On June 5, the Massachusetts Department of Energy Resources (DOER) issued emergency regulations to launch its next major phase of solar energy incentives in Massachusetts. The DOER’s new solar program, known as the Solar Massachusetts Renewable Target or "SMART," is designed to incentivize development of another 1,600 MW of solar energy in the Commonwealth. Implementation of the program will commence in 2018 after additional regulatory and administrative processes are completed in 2017 to allow full implementation. SMART will succeed the current Solar Renewable Energy Certificate II (SREC-II) program and aims to provide a more cost-effective and secure long-term solar subsidy plan for the state. The DOER has provided a transition mechanism for completion of SREC-II while awaiting full implementation of the SMART program. Unlike the SREC programs, the SMART program will not provide for tradable solar energy certificates, but will use electric distribution company (EDC) tariff mechanisms to compensate eligible solar energy projects under long-term procurements. The SMART program has been designed to continue to incentivize major solar development in Massachusetts, while limiting costs compared to the previous SREC programs, and incentivizing certain types of solar projects and certain types of land use. Some of the key features of the program are summarized below.
This summary provides only a high-level overview of the complex SMART program. If you would like further information about the details of SMART, or assistance from Day Pitney with solar energy matters, please contact any of the attorneys listed on this alert.
SMART provides for Massachusetts EDCs to procure up to 1,600 MW of new solar capacity (i.e., solar generation with a commercial operation date on or after January 1, 2018), with each EDC procuring an amount proportionate to its load share. The program will use a declining block procurement mechanism, with the initial rate for projects greater than 1 MW set by a competitive RFP to be conducted by October 3, 2017, and initial rates for projects 1 MW or less set by DOER-determined indices, and then subsequent 200 MW blocks of solar capacity procured at rates that decline by 4 percent for each capacity block. EDCs will pay for both the energy value and the solar incentive, and will commit to a fixed price for a 10- or 20-year term depending on the size of the projects (10 years for smaller projects, 20 years for larger projects). Eligible projects will receive energy value compensation through net metering credits, an on-bill crediting mechanism like net metering or through a State Qualifying Facility rate. Unlike the SREC programs, which used tradable credits that were subject to price fluctuations, SMART will use a tariff procurement mechanism that will provide fixed pricing over a long term for more certain, predictable revenue streams and less financing risk.
SMART provides for different compensation rates for "stand-alone" projects (defined as facilities with no associated load other than parasitic or station load) versus "behind-the-meter" projects (any facility that does not meet the definition of stand-alone). The program also provides for higher incentive rates for smaller projects, with gradually decreasing incentives for larger projects. Additionally, SMART seeks to promote certain types of land use and certain types of off-takers from projects through a system of "adders" and "reducers" applied to the compensation of projects in the program. In the land-use category, adders would apply to building-mounted, brownfield, landfill and canopy solar facilities. In the off-taker category, adders would apply to public entity, community shared solar, low-income and low-income community shared solar facilities. SMART will also incentivize the development and deployment of energy storage devices by providing a separate adder for energy storage combined with a solar project. The maximum size for any project will be 5 MW.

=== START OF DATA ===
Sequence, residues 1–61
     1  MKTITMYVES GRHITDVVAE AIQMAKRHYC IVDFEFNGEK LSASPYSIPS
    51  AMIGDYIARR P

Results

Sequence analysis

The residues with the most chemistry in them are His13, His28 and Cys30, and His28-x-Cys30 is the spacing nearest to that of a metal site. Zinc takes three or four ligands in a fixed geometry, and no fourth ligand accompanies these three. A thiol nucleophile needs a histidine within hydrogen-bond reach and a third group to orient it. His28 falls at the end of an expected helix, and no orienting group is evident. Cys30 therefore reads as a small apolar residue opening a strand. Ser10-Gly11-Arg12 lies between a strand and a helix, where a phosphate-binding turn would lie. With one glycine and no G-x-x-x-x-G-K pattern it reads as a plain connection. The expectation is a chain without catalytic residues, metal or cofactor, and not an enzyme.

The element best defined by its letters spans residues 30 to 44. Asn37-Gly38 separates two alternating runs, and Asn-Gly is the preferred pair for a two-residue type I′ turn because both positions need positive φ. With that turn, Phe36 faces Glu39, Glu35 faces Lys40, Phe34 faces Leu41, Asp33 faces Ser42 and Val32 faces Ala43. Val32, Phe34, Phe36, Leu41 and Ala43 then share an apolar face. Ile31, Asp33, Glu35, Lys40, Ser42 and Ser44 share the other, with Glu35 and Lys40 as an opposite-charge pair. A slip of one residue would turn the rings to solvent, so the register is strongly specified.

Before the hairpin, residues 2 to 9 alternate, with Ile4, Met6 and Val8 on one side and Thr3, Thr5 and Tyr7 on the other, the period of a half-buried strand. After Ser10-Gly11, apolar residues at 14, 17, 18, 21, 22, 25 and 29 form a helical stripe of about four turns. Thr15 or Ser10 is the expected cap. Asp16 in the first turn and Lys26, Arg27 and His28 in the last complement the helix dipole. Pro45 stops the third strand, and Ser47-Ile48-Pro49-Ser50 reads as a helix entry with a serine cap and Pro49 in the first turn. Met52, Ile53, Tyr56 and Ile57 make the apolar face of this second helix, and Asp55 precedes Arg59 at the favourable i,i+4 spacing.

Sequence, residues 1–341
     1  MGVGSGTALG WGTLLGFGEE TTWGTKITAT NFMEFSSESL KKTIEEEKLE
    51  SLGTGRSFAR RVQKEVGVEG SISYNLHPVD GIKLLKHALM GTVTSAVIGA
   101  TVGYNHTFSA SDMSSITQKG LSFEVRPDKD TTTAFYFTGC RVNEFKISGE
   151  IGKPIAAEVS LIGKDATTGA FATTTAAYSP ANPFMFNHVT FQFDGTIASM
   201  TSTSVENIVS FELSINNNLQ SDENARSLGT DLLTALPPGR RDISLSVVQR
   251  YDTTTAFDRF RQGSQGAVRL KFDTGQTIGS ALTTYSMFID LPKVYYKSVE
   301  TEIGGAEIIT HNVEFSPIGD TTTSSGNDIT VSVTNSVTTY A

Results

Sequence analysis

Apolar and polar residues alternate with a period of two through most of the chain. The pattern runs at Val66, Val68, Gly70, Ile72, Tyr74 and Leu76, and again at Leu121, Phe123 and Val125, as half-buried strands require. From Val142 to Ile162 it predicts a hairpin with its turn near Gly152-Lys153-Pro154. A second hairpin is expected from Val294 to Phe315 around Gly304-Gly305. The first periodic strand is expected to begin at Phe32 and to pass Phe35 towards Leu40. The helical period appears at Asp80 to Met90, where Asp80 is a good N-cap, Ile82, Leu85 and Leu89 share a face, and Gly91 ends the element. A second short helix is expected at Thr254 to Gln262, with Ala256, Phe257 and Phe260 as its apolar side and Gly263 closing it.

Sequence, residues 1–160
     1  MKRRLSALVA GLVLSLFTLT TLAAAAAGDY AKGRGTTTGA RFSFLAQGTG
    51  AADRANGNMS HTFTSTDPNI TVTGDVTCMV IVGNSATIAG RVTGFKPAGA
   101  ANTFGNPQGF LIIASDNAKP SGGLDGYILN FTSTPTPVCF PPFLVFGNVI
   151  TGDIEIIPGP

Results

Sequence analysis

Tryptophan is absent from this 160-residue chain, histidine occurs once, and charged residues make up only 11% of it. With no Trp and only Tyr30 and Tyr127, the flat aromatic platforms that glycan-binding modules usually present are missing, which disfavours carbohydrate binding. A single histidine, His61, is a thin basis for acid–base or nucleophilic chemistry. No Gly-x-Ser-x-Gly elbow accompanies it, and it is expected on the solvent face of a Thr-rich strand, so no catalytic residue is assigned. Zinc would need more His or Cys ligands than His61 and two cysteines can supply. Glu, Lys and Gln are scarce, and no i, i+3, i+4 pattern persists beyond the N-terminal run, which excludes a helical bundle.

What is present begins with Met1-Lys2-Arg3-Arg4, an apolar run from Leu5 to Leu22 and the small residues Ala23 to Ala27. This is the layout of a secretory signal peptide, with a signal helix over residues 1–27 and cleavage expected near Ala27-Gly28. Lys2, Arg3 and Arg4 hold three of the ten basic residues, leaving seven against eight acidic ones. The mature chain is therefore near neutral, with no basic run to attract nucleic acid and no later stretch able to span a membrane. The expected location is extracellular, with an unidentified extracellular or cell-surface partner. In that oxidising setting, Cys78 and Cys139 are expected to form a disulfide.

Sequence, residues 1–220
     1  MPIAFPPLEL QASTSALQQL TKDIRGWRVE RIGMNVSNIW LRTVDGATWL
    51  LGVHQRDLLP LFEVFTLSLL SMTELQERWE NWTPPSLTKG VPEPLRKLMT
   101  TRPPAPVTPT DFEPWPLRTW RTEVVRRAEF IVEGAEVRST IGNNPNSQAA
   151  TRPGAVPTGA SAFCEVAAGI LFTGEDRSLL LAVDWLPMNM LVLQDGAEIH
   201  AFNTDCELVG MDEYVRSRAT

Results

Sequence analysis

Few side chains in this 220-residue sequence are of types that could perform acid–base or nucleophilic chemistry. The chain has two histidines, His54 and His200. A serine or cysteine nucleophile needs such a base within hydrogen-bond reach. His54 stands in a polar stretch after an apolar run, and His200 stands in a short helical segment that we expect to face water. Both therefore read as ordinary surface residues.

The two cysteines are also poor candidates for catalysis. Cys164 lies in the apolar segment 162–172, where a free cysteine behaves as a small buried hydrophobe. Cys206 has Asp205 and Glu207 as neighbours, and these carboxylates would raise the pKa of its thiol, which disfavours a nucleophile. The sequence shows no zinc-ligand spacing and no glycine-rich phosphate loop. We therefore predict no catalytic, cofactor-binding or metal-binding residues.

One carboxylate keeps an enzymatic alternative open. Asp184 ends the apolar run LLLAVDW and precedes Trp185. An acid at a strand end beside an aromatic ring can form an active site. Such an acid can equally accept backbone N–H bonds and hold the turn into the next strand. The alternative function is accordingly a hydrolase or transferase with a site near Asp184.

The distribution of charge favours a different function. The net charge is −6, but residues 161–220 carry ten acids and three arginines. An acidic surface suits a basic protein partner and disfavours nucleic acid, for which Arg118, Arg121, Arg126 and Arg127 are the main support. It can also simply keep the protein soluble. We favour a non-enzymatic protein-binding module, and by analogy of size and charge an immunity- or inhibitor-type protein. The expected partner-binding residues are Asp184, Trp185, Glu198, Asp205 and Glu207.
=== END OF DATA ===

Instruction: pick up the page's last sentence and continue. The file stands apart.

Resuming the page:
As mentioned above, SMART will not be complete and implemented until sometime in 2018. In the meantime, the DOER is providing for extensions under the SREC-II program that will allow for some additional solar development under that program. The DOER has published guidelines that describe the transition and the availability of extensions of certain deadlines at reduced incentives under that program for projects that are currently qualified but have not yet secured a construction deadline extension.
For investors in and developers of solar energy and energy storage projects, certain types of landowners, and retail electricity customers, SMART will continue to provide significant incentives to pursue solar energy in Massachusetts. Day Pitney will continue to monitor the development and implementation of the SMART program and the SREC-II transition, and will provide updates as warranted.
 The emergency regulations can be accessed here. The emergency regulations take effect immediately, but they can only remain in effect for three months pending a full rulemaking proceeding conducted by DOER, at which time final rules will be promulgated. The final rules will likely be very similar.
 The DOER's January 31, 2017 full presentation on the final SMART program design can be accessed here.
Energy and Communications partner David Bogan will moderate a panel at Connecticut Power and Energy Society's Fall Conference titled, "How Diverse Voices Are Incorporated In Renewable Energy Development," on October 21.
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Lynn Fountain co-authored the article, "The Relationship Between Voluntary and Compliance Renewable Energy Markets," for Pratt's Energy Law Report with former partner and firm client Flossie Davis, Assistant General Counsel with Exelon Corporation.
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